After an initial delay, payroll and wage withholdings to fund the Massachusetts paid family and medical leave program are set to begin on October 1. The Massachusetts Paid Family and Medical Leave Act (PFMLA) established a fund that will allow employees in the Commonwealth to begin taking paid leave in 2021 for their own serious health condition or to care for a family member with a serious health condition. Employers will contribute to the state created fund through a contribution of .75% of employee wages up to the social security cap, currently set at $132,900 per individual for 2019.
Articles About Massachusetts Labor and Employment Law.
After announcing an agreement to delay the start of contributions under the Massachusetts Paid Family and Medical Leave Act (PFMLA), the legislature passed a bill amending the law that the Governor subsequently signed and enacted on June 13, 2019. As announced, PFMLA contributions will begin on October 1, 2019, rather than July 1, 2019.
On June 14, 2019, the Massachusetts Department of Family and Medical Leave (“DFML”) posted a new update confirming that the Massachusetts legislature and Governor Charlie Baker have enacted legislation to delay by three months (1) the date on which employers must notify their workforce of their rights and obligations under the Paid Family Medical Leave Act (“PFMLA”), and (2) the start date for employer and employee contributions to the PFML program. The workforce notification deadline is now September 30, 2019, and the contribution start date is now October 1, 2019.
On June 13, 2019, Massachusetts Governor Charlie Baker signed an emergency bill amending the Paid Family Medical Leave (PFML) law. The bill, and subsequent guidance provided by the Massachusetts Department of Paid Family Medical Leave (Department), change three key deadlines under PFML.
In a late night statement issued from Beacon Hill on June 11, 2019, Massachusetts Governor Charlie Baker, along with state house and senate leadership, announced that they agreed to implement a three-month delay to the state Paid Family and Medical Leave program. In the joint statement, the leaders explained:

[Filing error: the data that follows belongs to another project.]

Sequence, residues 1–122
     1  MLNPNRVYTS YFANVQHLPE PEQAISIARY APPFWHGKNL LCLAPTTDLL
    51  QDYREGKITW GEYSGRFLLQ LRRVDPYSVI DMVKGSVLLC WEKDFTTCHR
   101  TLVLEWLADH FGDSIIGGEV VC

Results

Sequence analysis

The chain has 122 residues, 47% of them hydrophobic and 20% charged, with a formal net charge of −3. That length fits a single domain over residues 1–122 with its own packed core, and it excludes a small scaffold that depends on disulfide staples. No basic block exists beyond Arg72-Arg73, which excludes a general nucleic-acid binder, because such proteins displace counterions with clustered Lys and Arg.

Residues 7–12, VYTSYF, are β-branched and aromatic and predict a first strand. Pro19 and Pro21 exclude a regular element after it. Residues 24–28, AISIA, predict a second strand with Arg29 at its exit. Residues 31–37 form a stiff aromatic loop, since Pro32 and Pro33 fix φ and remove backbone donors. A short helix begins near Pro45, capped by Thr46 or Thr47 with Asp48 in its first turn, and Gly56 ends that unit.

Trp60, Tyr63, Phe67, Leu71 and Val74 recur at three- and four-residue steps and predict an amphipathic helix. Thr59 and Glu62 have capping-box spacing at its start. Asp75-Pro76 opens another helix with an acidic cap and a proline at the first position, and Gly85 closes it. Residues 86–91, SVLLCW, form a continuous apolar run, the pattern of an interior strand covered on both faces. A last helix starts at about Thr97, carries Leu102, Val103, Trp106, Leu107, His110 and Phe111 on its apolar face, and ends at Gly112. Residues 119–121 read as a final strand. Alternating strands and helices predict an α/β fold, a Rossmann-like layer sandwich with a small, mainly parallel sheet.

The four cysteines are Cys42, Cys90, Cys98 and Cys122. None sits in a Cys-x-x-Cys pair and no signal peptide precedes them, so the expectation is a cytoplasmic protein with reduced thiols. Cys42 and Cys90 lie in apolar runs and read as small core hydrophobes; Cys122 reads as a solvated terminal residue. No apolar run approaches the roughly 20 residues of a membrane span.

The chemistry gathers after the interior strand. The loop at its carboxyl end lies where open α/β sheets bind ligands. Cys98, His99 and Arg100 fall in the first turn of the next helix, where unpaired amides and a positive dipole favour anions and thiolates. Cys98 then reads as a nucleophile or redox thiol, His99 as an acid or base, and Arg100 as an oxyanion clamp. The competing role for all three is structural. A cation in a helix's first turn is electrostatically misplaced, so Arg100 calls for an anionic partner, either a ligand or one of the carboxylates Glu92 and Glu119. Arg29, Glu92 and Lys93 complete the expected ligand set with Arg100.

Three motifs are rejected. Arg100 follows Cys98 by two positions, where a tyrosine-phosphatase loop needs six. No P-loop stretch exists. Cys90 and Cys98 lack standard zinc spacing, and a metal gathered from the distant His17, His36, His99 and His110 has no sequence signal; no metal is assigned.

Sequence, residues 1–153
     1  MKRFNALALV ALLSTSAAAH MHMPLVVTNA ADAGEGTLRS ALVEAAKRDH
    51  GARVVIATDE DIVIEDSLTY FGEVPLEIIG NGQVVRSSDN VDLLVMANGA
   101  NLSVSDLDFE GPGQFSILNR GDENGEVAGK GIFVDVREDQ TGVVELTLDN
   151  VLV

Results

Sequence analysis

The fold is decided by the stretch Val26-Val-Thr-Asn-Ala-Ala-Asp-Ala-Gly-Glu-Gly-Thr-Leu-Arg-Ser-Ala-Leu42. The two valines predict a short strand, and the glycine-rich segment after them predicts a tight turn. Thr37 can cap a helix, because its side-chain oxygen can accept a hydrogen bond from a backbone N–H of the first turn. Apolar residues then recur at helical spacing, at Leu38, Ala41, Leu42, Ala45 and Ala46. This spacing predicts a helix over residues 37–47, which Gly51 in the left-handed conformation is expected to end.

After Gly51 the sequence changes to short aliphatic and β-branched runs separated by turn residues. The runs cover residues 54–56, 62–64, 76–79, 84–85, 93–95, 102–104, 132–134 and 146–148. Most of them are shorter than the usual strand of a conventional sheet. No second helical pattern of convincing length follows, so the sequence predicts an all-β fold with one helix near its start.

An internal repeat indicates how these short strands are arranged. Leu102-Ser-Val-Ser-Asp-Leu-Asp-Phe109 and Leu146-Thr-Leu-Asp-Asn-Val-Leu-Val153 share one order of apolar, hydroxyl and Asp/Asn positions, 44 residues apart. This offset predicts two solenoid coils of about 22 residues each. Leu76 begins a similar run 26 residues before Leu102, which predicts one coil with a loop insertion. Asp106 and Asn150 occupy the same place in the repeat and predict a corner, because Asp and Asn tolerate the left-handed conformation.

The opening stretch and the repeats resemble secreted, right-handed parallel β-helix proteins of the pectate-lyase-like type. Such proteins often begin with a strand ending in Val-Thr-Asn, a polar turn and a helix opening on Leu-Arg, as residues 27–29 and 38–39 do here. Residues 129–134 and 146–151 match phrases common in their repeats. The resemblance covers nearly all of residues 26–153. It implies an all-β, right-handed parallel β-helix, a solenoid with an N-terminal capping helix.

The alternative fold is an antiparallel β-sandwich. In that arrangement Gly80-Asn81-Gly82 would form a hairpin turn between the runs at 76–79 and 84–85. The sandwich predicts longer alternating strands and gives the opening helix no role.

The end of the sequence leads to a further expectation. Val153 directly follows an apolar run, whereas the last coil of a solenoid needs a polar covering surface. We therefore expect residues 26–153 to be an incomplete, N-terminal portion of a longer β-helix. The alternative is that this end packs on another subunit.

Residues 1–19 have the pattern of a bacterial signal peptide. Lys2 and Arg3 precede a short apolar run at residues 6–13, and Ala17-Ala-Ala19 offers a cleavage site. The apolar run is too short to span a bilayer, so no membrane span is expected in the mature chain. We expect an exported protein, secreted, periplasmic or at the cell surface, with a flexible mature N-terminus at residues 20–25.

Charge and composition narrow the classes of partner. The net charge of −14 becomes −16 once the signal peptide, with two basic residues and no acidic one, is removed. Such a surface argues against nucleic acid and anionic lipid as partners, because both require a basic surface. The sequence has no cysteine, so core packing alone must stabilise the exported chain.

Governor Charlie Baker, Senate President Karen Spilka, and House Speaker Robert DeLeo issued a joint statement on June 11, 2019, agreeing to amend the Massachusetts Paid Family and Medical Leave Act (PFMLA) and delay the required contributions until October 1, 2019. Support for delaying the contributions has grown since a coalition of business, labor, and social justice groups sent a letter to Baker, Spilka, and DeLeo on May 20, 2019.
The Massachusetts Department of Family and Medical Leave (“DFML”) released new guidance on its website about how to comply with several provisions of the new Paid Family and Medical Leave Act (“PFMLA”).
There is some good news for employers subject to the Massachusetts Paid Family Medical Leave (PFML) and considering the availability of the private plan exemption.1 Previously, the Massachusetts Department of Family and Medical Leave (Department) took the position that an employer seeking a private plan exemption from the PFML program would need to provide benefits as generous as those offered under PFML at the time the exemption was approved.
The Massachusetts Noncompetition Agreement Act (Non-Compete Act) has yet to be tested, but its venue provision likely will come under special scrutiny. The venue provision governs the geographical location and forum in which a non-compete lawsuit may be maintained. Due to its apparent conflicts with federal law, the venue provision will likely be unenforceable to limit federal jurisdiction over related lawsuits or to prohibit or otherwise regulate arbitration of such lawsuits.
The Massachusetts Supreme Judicial Court (“SJC”) issued an important decision on May 8, 2019, in the matter of Sullivan et al v. Sleepy’s LLC et al regarding overtime and Sunday pay requirements for inside salespeople who are compensated entirely by commission.
Adhering to the “plain and ordinary” language of the state’s overtime statute and related regulations, the Massachusetts Supreme Judicial Court has held that inside sales employees paid on a 100% commission basis are additionally entitled to pay for overtime hours worked and premium pay for work on Sundays. Sullivan v. Sleepy’s LLC, 2019 Mass. LEXIS 244 (Mass. May 8, 2019).
Complying with the upcoming requirements of Massachusetts Paid Family Medical Leave Act (“PFMLA”) continues to be a bit of a moving target. The Department of Family and Medical Leave (“DFML”) is providing regular updates that address employer questions and concerns regarding the implementation of the new law.
In an effort to help businesses, on May 1, 2019, the Massachusetts Department of Family and Medical Leave (DFML) extended both the deadline to notify employees about the Massachusetts Paid Family and Medical Leave Act (PFMLA) and the deadline for employers to apply for a “private plan” exemption from law. Previously, the DFML required employers to distribute notices to employees regarding the PFMLA by May 31, 2019, and required employers seeking a private plan exemption from the contribution requirements of the PFMLA to apply for an exemption by June 30, 2019.
On May 1, 2019, the Massachusetts Department of Family and Medical Leave (Department) offered Massachusetts businesses a temporary reprieve by extending two key deadlines critical to the implementation of the Massachusetts Paid Family Medical Leave law (PFML). First, employers will now have until June 30, 2019 to provide written notice to covered individuals of their rights and obligations under the PFML. Second, businesses will now have until September 20, 2019 to file an application for a private plan exemption.
The new Massachusetts Paid Family and Medical Leave Act (PFMLA) requires that employers issue notices to both employees and independent contractors, providing them with information about their rights under the law.